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Students walk and dance the runway at Pan-Asian Fashion Show

April 26, 2024

Courtesy of Andrew Estey
CULTURAL COUTURE: Students walk the runway at the Pan-Asian Fashion Show. The event was held in Smith Union’s Morrell Lounge last Saturday night.

Last Saturday night, Smith Union transformed into a runway and stage, replete with rigged lighting and sound, as the Asian Student Alliance (ASA) hosted the Pan-Asian Fashion Show. The show incorporated a mix of student models sporting culturally derived and inspired outfits and student-choreographed dances.

The fashion show was part of an early launch to on-campus celebrations of Asian American and Pacific Islander (AAPI) Heritage Month, which will officially kick off in May. ASA began planning the event late last semester, securing funding for the outfits and reserving space in Smith Union for the construction of the runway and stage.

The show began with several models from the Japanese Student Association walking in kimonos, yukatas and hakamas. The models then performed a fisherman’s dance from Hokkaido, which mimicked the motions of catching herring. Nat Loh ’25 encouraged the crowd to join in with some lyrical enthusiasm.

“JSA’s performance felt so authentic, especially with their outfits,” participant and Vietnamese Student Association (VSA) member Kat Tran ’27 said. “They just had such a fun time.”

Courtesy of Andrew Estey
ALL SMILES: Members of the Korean Students Association perform a K-pop dance at the fashion show.

Each of the affinity groups that performed had full control over their section of the show. Each group brought something new to the stage—whether it was the Korean Students Association (KSA) performing a sequence of K-pop dances or the VSA’s traditional fan dance performance.

“There were so many people who don’t normally participate in these groups that came out and organized all these dances. It was really cool to see people were actually willing to contribute given the chance. They wanted to participate,” ASA president Joy Wang ’24 said.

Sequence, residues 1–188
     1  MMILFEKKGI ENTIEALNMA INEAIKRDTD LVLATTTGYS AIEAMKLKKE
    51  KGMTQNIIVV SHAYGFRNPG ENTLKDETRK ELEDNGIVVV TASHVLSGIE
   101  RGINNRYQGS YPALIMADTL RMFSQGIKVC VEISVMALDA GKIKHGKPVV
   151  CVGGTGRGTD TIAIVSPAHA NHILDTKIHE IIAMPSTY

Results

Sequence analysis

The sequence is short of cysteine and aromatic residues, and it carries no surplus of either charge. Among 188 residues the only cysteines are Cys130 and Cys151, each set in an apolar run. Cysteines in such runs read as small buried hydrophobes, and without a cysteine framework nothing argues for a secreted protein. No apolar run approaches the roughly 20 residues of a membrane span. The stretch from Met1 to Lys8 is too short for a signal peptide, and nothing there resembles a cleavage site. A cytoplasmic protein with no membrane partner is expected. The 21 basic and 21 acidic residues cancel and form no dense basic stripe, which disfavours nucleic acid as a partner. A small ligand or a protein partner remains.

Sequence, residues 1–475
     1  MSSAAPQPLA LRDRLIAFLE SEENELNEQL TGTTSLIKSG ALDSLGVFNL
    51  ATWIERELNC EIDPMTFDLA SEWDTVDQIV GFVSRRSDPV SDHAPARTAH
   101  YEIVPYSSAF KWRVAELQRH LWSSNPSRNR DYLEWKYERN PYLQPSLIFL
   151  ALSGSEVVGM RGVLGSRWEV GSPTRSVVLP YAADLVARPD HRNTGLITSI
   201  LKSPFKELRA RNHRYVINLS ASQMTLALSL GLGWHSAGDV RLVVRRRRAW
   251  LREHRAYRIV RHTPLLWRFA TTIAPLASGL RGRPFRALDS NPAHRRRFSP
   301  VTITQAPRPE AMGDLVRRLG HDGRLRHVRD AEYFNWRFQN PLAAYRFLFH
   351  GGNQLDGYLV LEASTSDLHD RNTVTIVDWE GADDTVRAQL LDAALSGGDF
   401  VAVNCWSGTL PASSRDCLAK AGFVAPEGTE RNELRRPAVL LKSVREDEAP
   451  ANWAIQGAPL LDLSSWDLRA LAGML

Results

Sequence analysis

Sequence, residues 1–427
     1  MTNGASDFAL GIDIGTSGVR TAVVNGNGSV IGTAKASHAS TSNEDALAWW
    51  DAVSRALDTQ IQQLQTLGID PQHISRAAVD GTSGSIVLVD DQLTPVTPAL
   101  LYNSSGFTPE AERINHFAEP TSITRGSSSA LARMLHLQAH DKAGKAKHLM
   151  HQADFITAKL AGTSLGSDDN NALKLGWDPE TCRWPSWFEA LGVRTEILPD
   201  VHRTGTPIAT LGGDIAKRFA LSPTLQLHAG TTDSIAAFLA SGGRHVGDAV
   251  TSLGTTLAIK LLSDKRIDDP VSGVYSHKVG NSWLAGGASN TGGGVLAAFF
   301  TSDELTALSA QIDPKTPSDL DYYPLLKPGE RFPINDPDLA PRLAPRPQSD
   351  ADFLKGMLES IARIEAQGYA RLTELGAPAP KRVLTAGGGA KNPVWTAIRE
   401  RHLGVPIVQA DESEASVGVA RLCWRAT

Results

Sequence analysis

This is not Bowdoin’s first ASA-organized fashion show. Before the onset of the Covid-19 pandemic, the ASA hosted annual Pan-Asian fashion shows. However, this year’s show was the first of its kind for current students. Having never attended a previous ASA fashion show themselves, Wang and her co-president Nina Ramores ’24 organized the event from scratch.

“I hope this event really pushed the envelope for Bowdoin and highlighted that diversity really does matter and that people will show up to these events,” Ramores reflected.

The ASA chose to celebrate AAPI Heritage Month by bringing back the fashion show because it offers an opportunity to showcase several Asian cultures’ fashion and dance customs. It also gave Asian students an opportunity to embrace the styles, music and dance traditions of their heritage.

“We wanted the showcase to be a way for Asian students to connect with their heritage even if that’s not something that is necessarily very prevalent in their lives currently at Bowdoin,” ASA secretary Anna Tran ’26 said. “I know a lot of people are away from home, and they don’t have the space to practice their culture.”

Courtesy of Andrew Estes
FAN FAVORITE: The Vietnamese Student Association performs a traditional fan dance at the fashion show.

ASA intends for the Pan-Asian Fashion Show to become a staple in Bowdoin’s celebration of AAPI Heritage Month. Although there was not an empty seat during the show, ASA hopes the event will expand next year and showcase more students, including those who may not belong to an affinity group on campus.

“It would be nice to see more students in general—not just clubs. For this show we only reached out to the official charter clubs [of ASA], but hopefully, in the future, participation will be open to any student who wants to represent their culture, even if they don’t have an officially chartered club,” Wang said.

The show finished with the Philippine Society of Bowdoin’s (PSBC) tinikling performance, which featured participants jumping to a syncopated beat through rods that others would move together and apart, giving dancers a split second to plant their foot between them before they snapped back together. Having formed only last spring, PSBC is one of the newest affinity groups on campus.

“Our inspiration for our music was Filipino artists and traditional Filipino music. I hope that people thought the dance was cool, and that it looks fun,” Mary Smullen ’27, who choreographed the tinikling dance, said.

Asian Heritage Month is far from over, and the ASA is looking to host more celebrations before the end of the academic year. One of the group’s goals is to build stronger bonds between the various Asian affinity groups on campus. Already, the Chinese Student Association (CSA) has reached out to the VSA to perform another fan dance at the CSA fashion show later this month.

“People should take away from the show that Bowdoin is diverse and has so many different cultures,” participant Markiane Rivers ’27 said. “Hopefully, the audience learned something about each culture and left with a desire to keep learning.”


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